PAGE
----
15. If the visitor does not know how to respond to something the patient says, sometimes it is better to say nothing at all. Just express concern, offer a prayer, and graciously make a polite departure.

16. Remember that patients are in the hospital because they are sick. Use common sense, smile, and be positive during the visit. If the visitor becomes upset, they should excuse themselves until they can regain control of their own emotions. Be aware that conversations in the hall can be overheard. The whole point of visiting patients in the hospital is to cheer them up. So do not do anything to make the situation tenser than it already is.

17. Every hospital has guidelines they ask visitors to follow. Those guidelines have been put in place for safety reasons. Please be respectful of them.

18. Remember to maintain the confidentiality of those who have been visited. Do not share details of their situation without permission. Do not speculate about their future with others at church.

By following these simply guidelines, lay people can make a positive spiritually based visit to someone in the church. Such a visit can be a great encouragement to a person in the hospital.
These ideas have been adapted from a chapter in the book, Developing Leadership Teams in the
Bivocational Church. Though it was written to help bivocational pastors train leaders to work with them, many fully funded pastors and many lay people are finding it equally helpful to their own ministries.


  1. thank you, as a bivocational pastor extra help is always needed and appreciated.

  2. Great advice brother! As someone who works in the medical community and is in hospitals a lot, this is a great resource.

  3. I've been a nurse for almost 35 years. I absolutely agree with each point in this very well thought out list of guidelines, with the exception of #11. To avoid talking about bad news when spending time with someone you care about sort of makes the whole visit seem contrived. A brother or sister in Christ may be the best equipped person to offer a place of release and comfort when bad news needs to be talked about and prayed about. The temptation for the visitor is to commiserate out of experience, and the advice to avoid that, is good. Sometimes the patient needs to have the opportunity to talk about their diagnosis or prognosis without anyone saying anything at all. Often the best medicine is just to be in the presence of someone who loves you and who can take you to the Throne of Grace when you are not able.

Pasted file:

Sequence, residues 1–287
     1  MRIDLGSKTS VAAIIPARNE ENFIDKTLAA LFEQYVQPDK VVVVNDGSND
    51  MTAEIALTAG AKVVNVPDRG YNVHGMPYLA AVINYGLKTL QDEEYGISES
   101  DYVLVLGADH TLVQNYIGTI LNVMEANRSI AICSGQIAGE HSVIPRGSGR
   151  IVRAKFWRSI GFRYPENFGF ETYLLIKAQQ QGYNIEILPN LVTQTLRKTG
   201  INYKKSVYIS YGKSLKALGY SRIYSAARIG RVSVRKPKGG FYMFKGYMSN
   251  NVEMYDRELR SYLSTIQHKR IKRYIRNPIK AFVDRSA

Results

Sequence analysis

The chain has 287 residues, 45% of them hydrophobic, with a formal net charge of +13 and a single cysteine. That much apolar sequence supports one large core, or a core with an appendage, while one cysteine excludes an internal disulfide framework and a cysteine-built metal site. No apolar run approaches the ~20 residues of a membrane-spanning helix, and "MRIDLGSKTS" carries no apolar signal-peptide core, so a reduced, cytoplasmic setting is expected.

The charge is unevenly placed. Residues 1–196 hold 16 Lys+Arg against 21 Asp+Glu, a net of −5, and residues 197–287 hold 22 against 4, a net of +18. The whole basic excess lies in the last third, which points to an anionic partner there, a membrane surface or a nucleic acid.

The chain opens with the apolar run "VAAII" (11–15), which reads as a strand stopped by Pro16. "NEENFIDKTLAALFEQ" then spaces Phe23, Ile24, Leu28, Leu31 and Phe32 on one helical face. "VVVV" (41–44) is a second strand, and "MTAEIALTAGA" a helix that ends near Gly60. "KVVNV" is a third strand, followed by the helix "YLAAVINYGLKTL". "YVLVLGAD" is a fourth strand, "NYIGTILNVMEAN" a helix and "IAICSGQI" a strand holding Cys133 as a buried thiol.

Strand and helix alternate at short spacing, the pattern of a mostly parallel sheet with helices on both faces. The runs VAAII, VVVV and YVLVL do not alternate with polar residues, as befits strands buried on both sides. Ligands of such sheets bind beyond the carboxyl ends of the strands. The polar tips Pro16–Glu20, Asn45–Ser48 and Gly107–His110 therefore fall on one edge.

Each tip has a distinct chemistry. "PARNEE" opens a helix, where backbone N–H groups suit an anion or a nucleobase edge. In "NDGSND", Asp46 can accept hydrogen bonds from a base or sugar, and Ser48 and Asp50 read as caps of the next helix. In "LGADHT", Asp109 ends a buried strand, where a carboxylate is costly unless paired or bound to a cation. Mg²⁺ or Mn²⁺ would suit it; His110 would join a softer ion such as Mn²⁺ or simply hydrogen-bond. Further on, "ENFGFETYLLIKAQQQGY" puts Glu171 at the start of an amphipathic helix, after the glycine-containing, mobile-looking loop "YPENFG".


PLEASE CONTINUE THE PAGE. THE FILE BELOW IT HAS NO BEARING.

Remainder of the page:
Terry: Thank you personally for all you do and what you mean to those who serve here in New England.

    1. Marcia,
      Thanks for sharing your insight. And yes, it is good to let the patient talk about their own bad news. I just want to make sure we don't add to it by talking about other bad stuff (ie: problems at church, bad economic news, a neighbor who died, etc.)

  4. Excellent, practical advice, Terry. May I, please, suggest one more? I was taught this in a ministry class years ago, and still use it. Wash your hands in the hallway restroom, before and after every visit. When through rinsing, take a paper towel to turn off the water, then get another towel to dry your hands. The idea is to cut down on the germs you can bring to a patient, either from outside or another patient, and, of course, for your personal health.

  5. This was a great blog Terry. Practical and helpful.

  6. And this clinical chaplain says, "nicely written sir." This will be helpful for many of you pastors.